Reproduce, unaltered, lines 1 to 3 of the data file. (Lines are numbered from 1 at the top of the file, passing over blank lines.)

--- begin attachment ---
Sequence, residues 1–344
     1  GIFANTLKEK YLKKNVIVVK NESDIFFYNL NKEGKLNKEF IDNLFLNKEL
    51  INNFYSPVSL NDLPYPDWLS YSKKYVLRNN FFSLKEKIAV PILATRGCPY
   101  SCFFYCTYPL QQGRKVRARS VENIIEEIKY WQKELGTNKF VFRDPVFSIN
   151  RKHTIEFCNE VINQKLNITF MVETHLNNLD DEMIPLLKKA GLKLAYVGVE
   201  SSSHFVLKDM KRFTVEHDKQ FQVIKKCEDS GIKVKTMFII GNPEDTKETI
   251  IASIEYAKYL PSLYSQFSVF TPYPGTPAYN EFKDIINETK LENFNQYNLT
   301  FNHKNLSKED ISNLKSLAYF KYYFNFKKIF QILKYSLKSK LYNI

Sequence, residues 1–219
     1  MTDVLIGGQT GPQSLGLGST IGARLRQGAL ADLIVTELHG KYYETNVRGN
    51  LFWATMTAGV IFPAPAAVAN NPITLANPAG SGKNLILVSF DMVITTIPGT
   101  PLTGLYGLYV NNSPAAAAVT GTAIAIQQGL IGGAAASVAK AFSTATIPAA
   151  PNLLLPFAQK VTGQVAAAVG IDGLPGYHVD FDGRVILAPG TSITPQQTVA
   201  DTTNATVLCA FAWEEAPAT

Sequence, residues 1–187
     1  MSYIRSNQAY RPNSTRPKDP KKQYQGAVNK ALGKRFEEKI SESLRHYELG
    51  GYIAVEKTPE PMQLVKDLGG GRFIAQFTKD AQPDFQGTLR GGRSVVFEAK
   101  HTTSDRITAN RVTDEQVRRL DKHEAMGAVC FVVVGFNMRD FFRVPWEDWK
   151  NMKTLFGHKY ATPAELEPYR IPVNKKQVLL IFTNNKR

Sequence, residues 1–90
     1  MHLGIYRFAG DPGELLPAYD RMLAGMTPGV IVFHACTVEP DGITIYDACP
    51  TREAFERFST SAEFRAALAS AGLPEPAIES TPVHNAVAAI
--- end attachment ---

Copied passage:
Sequence, residues 1–344
     1  GIFANTLKEK YLKKNVIVVK NESDIFFYNL NKEGKLNKEF IDNLFLNKEL
    51  INNFYSPVSL NDLPYPDWLS YSKKYVLRNN FFSLKEKIAV PILATRGCPY